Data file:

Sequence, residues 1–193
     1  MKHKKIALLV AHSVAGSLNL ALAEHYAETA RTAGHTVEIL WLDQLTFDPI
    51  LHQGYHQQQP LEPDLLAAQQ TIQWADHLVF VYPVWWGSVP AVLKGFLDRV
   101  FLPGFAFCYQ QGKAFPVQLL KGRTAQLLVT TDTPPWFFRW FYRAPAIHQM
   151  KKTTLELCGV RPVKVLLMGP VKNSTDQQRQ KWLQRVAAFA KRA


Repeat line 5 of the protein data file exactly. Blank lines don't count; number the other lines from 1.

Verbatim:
   151  KKTTLELCGV RPVKVLLMGP VKNSTDQQRQ KWLQRVAAFA KRA